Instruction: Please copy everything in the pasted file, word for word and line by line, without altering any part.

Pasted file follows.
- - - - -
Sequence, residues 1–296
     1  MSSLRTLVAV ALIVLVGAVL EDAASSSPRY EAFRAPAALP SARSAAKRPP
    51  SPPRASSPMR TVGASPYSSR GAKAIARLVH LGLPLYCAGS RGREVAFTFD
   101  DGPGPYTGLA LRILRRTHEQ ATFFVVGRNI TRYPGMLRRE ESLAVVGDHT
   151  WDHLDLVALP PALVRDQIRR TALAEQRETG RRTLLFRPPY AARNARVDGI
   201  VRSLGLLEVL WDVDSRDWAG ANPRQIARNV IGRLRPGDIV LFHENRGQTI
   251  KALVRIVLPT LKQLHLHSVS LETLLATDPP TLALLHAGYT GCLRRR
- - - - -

Sequence, residues 1–296
     1  MSSLRTLVAV ALIVLVGAVL EDAASSSPRY EAFRAPAALP SARSAAKRPP
    51  SPPRASSPMR TVGASPYSSR GAKAIARLVH LGLPLYCAGS RGREVAFTFD
   101  DGPGPYTGLA LRILRRTHEQ ATFFVVGRNI TRYPGMLRRE ESLAVVGDHT
   151  WDHLDLVALP PALVRDQIRR TALAEQRETG RRTLLFRPPY AARNARVDGI
   201  VRSLGLLEVL WDVDSRDWAG ANPRQIARNV IGRLRPGDIV LFHENRGQTI
   251  KALVRIVLPT LKQLHLHSVS LETLLATDPP TLALLHAGYT GCLRRR